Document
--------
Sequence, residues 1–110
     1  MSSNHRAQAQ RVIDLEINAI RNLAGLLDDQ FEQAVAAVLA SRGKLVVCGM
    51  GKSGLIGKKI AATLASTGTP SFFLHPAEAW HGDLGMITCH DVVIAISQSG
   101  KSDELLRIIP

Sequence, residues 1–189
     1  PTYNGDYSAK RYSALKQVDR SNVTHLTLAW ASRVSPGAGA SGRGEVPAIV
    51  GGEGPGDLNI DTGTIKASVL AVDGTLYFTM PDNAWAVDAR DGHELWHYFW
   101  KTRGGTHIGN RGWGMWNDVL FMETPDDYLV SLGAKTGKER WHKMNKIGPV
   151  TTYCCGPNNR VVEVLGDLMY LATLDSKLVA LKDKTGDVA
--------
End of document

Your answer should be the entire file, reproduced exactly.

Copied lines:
Sequence, residues 1–110
     1  MSSNHRAQAQ RVIDLEINAI RNLAGLLDDQ FEQAVAAVLA SRGKLVVCGM
    51  GKSGLIGKKI AATLASTGTP SFFLHPAEAW HGDLGMITCH DVVIAISQSG
   101  KSDELLRIIP

Sequence, residues 1–189
     1  PTYNGDYSAK RYSALKQVDR SNVTHLTLAW ASRVSPGAGA SGRGEVPAIV
    51  GGEGPGDLNI DTGTIKASVL AVDGTLYFTM PDNAWAVDAR DGHELWHYFW
   101  KTRGGTHIGN RGWGMWNDVL FMETPDDYLV SLGAKTGKER WHKMNKIGPV
   151  TTYCCGPNNR VVEVLGDLMY LATLDSKLVA LKDKTGDVA